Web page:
Posted on: February 7, 2012

  • In: Uncategorized

La Voisin, real name Catherine Deshayes, was the woman who exposed the sordid heart at the centre of the most glamorous royal court in Europe, that of the dazzling Sun King, Louis XIV. She was a woman from the back streets of Paris, who numbered some of the most powerful of French high society amongst her clients. Her downfall very nearly threatened even the august figure of the King himself.

Catherine was born around 1640. She married a jeweller called Monvoisin. When her husband’s business took a nosedive, Catherine decided to supplement their income by taking up fortune-telling. She liked to boast that she had inherited her powers from her mother, who had practised as a sorceress. Certainly she was said to show some cpnsiderable skill at many aspects of fortune-telling, including Tarot, palm-reading, and crystal-gazing. Her own favourite was physiognomy, the art of reading faces. “Passion and anxiety are difficult to conceal”, she said. It’s probably fair to say that, like many who make a good living in this kind of field, La Voisin was skilled at reading people generally.

From there she progressed to midwifery, and backstreet abortions. She set up a furnace in her back yard, in which she disposed of the pathetic little corpses. She was assisted by Etienne Guibourg, a maverick priest, who regularly performed Black Masses, and her lover, Adam Coueuret, who practised as a magician under the name La Sage. La Sage seems like a 17th century version of Aleister Crowley. He was reputedly pretty repulsive in appearance, but had a fatal charisma, which lured many a woman into his bed.

To her growing repertoire of skills La Voisin added a nice little line in love potions and poisons. La Voisin became somewhat of a dark mistress at the art of poisoning. She was canny enough to vary the ingredients each time, so that it was difficult to trace back to her. She was said to have used some positively Shakespearian ingredients in her concoctions, such as bones of toads, teeth of moles, and dust of human remains.

Voisin made several attempts to finish off her own husband in this way, and this is where things get truly farcical. La Sage clearly had no desire to find a widowed La Voisin, now freely available, on his hands, so – with the help of Voisin’s maid, Margot – he would find ingenious ways to scupper the poisoning attempts, such as getting Margot jog the old man’s elbow when he was about to take his soup!

It seemed entirely natural really that La Voisin should suddenly take to living the entire witch existence. She set up a Black Mass temple in the family home, and liked to dress up in a dramatic crimson cloak, embroidered with a golden eagle.

She soon found herself numbering some of the most wealthy and influential ladies in Parisienne society amongst her clients. One of her customers was Olympe Mancini, the Comtesse de Soissons, who wanted King Louis XIV’s mistress, Louise de la Valliere, to meet an untimely death. (Louise survived, and later joined a convent, where she was famed for her hard-line spiritual devotion).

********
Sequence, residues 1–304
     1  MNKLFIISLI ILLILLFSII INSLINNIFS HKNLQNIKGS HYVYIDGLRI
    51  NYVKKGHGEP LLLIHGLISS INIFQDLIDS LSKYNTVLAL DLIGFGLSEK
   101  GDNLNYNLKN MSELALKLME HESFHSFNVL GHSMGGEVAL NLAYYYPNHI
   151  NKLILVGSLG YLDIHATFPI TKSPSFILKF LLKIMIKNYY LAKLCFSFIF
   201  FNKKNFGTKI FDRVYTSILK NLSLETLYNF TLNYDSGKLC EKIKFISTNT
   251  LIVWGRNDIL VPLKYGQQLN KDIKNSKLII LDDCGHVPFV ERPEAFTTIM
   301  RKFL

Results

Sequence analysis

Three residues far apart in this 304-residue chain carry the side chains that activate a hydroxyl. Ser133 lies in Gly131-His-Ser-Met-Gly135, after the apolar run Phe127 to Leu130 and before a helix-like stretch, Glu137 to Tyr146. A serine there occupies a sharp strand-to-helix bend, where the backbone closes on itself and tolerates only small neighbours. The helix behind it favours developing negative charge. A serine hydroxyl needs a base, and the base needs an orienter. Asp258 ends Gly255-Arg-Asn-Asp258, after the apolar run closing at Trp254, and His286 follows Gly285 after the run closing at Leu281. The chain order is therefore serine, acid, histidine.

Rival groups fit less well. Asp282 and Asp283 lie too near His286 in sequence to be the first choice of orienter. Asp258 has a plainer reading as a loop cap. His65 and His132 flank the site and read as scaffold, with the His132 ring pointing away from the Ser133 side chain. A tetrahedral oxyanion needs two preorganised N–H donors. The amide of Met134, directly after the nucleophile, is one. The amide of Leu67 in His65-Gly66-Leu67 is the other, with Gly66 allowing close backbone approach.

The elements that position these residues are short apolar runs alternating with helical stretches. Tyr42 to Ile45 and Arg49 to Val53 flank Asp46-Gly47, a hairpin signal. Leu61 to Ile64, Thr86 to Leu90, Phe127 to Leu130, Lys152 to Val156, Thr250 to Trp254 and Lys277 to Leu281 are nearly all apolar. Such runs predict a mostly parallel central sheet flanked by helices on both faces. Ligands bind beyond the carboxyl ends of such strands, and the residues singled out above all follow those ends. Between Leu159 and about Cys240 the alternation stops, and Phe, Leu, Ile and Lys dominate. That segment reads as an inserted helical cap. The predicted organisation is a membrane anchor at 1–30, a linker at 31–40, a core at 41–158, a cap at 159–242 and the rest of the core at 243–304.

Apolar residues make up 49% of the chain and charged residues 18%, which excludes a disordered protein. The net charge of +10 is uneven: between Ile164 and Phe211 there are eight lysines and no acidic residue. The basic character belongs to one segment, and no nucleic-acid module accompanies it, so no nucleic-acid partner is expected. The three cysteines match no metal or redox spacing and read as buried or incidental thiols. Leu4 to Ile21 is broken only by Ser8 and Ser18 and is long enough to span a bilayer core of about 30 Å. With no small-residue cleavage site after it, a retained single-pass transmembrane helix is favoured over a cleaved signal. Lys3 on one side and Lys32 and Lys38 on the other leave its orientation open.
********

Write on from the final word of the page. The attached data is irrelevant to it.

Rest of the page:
The (literally) poisonous network operated by La Voisin and La Sage soon began to encompass the whole of Parisienne high society. Madame de Montespan, another mistress of the King’s, was said to have hired La Voisin to poison His Majesty. De Montespan had been a good mistress to the King, and had borne him 7 children, but she was now past her prime, and was getting increasingly desperate to hold onto her place at the glittering Versailles court. The accusations that she had tried to poison him were never proven though, either at the time or since. The King himself insisted that all documents pertaining to de Montespan’s guilt were to be handed direct to him, so that he could burn them himself.

Eventually the sinister whisperings about La Voisin’s activities reached the ears of the King, who ordered an enquiry into what was going on, under the supervision of chief of police, Nicolas de lay Reynie, who was quite exhaustive in his urge to get to the bottom of it all. At its height The Affair Of The Poisons became quite farcical, with (it would seem) half of Paris trying to poison the other half!

La Voisin was betrayed by her unscupulous former lover, La Sage, who was a bit miffed at finding himself supplanted in Voisin’s bed by a man called Latour. La Sage was happy to gabble about all their dark secrets, but stubbornly refused to comment on Madame de Montespan’s involvement in the whole sordid affair. He only divulged her name when put under torture. He then let loose that Montespan had also taken part in Voisin’s Black Masses, alledging that her naked body had been used as an altar.

La Voisin tried to declare herself innocent of all charges, even claiming that the furnace in her back yard had been used to bake pates. It was no good though. When the police raided her house they found incriminating evidence galore, including a neat little store of wax figurines complete with pins and needles.

La Voisin was eventually found guilty of witchcraft and was publicly burnt alive on the Place de Greve in Paris on 22 February 1680. It was said that when the crucifix was held up in front of her, she repelled it.



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